Why do I need a static class member? What are the advantages and disadvantages of it?

Is there any way that I can have non-static member fuction without doing anything outside of the class (such as passing an instance)?

class Control
        HMENU ID;
        HWND Handle, Parent;
        std::string Class, Title;
        DWORD dwExStyle, dwStyle;
        Point Location;
        int Width, Height;
        std::array<std::function<void(void)>, 6> Functions;

        Control(DWORD dwExStyle, std::string Class, std::string Title, DWORD dwStyle, Point Location, int Width, int Height, HWND Parent, HMENU ID, HINSTANCE Instance, void* LParam);
        virtual ~Control();

        virtual LRESULT __stdcall Subclass(HWND window, UINT msg, WPARAM wParam, LPARAM lParam);

Control::~Control() {}

//Constructor here..


LRESULT __stdcall Control::Subclass(HWND Window, UINT Msg, WPARAM wParam, LPARAM lParam)
    //WNDPROC SubProc = reinterpret_cast<WNDPROC>(GetWindowLongPtr(Window, GWLP_USERDATA));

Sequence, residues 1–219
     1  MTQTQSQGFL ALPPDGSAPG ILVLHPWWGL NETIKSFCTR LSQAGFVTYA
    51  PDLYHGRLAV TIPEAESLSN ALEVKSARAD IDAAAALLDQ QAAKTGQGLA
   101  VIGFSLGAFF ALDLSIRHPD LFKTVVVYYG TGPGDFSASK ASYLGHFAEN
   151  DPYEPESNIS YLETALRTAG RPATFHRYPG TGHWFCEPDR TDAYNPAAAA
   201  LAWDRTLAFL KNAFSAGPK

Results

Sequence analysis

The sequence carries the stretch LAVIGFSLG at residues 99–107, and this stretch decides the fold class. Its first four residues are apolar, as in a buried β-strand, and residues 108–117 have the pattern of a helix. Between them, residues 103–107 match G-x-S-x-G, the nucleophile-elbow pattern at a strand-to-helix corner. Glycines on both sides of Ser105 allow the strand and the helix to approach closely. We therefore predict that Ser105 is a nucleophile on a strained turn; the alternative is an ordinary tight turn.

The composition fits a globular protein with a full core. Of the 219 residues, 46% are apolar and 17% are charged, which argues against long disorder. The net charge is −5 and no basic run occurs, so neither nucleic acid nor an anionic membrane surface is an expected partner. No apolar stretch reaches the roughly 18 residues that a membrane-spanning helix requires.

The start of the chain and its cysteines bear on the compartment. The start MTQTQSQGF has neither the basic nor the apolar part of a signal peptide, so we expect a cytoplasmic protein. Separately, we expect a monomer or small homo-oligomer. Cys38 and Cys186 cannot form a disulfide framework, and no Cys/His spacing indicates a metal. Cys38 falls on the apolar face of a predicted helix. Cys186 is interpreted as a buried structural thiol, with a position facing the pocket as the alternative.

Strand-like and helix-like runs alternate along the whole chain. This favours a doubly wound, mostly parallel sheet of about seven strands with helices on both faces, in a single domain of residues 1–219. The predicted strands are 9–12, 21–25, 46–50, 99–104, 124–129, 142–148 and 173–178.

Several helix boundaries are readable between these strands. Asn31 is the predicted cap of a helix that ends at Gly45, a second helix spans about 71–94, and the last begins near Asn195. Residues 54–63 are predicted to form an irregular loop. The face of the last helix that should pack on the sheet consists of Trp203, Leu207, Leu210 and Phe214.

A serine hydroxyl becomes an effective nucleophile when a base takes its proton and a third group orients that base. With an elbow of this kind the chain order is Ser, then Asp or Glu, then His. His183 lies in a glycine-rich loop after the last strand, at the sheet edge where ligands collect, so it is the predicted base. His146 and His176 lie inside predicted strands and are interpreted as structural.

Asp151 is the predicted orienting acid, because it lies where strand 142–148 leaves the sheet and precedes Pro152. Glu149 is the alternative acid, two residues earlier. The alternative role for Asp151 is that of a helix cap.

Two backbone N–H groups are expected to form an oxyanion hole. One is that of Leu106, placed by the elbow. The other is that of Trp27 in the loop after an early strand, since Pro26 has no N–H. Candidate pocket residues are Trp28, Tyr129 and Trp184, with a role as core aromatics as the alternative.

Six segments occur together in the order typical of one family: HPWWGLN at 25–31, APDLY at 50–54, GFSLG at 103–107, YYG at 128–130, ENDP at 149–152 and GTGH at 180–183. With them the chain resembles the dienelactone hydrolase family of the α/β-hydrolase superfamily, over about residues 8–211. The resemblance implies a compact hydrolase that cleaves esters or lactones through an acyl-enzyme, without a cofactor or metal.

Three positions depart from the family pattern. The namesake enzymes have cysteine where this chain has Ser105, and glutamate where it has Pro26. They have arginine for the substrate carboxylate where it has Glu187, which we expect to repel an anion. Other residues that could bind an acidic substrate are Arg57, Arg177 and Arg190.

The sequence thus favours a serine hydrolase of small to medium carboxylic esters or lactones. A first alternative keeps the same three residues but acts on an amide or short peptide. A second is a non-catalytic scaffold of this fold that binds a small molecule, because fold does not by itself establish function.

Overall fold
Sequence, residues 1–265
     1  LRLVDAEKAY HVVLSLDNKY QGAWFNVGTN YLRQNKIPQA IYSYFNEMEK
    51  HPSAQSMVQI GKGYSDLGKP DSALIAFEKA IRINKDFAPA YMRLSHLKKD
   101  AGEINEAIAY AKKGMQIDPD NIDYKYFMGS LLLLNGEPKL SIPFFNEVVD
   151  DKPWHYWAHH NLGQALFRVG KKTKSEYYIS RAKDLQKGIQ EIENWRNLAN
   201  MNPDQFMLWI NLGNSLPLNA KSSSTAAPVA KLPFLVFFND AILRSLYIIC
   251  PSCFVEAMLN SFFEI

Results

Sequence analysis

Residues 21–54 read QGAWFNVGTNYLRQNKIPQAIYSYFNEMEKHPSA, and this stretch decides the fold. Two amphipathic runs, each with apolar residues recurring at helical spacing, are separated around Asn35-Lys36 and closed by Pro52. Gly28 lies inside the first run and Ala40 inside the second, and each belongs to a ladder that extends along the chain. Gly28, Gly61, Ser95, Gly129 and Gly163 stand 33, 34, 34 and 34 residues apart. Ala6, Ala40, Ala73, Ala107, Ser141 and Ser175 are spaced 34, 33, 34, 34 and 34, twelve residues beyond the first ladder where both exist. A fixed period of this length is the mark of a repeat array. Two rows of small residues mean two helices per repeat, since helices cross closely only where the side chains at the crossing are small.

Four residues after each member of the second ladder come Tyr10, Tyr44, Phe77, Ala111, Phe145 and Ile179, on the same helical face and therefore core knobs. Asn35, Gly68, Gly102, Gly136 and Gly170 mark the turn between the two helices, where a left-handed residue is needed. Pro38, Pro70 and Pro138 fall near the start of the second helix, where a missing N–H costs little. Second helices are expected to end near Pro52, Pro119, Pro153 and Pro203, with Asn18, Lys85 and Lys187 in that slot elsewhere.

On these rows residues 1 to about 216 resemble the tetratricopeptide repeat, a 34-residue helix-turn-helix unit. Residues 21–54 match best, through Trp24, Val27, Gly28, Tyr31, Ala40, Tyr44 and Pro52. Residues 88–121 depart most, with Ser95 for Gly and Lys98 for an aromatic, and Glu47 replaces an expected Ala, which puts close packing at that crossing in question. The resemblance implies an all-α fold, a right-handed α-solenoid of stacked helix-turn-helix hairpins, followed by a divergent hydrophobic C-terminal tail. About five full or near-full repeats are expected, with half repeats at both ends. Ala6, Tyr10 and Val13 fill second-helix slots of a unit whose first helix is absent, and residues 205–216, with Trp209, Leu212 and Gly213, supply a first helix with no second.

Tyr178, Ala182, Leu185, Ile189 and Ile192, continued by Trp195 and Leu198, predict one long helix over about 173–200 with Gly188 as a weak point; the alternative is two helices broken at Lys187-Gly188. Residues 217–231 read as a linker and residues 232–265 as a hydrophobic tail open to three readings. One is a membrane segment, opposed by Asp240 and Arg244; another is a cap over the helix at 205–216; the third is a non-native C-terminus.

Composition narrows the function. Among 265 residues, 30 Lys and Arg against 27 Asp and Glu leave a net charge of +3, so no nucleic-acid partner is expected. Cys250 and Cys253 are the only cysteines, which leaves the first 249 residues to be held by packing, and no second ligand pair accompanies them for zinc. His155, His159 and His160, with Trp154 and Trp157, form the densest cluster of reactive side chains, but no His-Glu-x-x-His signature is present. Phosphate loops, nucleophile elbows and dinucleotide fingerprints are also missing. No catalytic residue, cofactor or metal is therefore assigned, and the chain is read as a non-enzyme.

case WM_DESTROY:
            RemoveWindowSubclass(Window, Subclass, 0);

            return CallWindowProc(Subclass, Window, Msg, wParam, lParam);

In my subclass function, the line: RemoveWindowSubclass(Window, Subclass, 0); gives me the error cannot convert Control::Subclass to SUBCLASSPROC.

I know that inorder to do so, I need to make it static.

So how can I have a non-static callback within my class? I know it can be done with a Lambda because I tried it, but is there any other way without having to do anything outside my class (such as passing an instance)?

I'm trying to emulate the C#'s control class in WINAPI.

static class methods do not have an instance, they are always present in memory just like a normal global function. When you pass a function as a parameter the function is passed by address very similar to arrys and the address must be known at compile time, not runtime. The address of non-static class methods is only known at runtime when an instance of the class is created.

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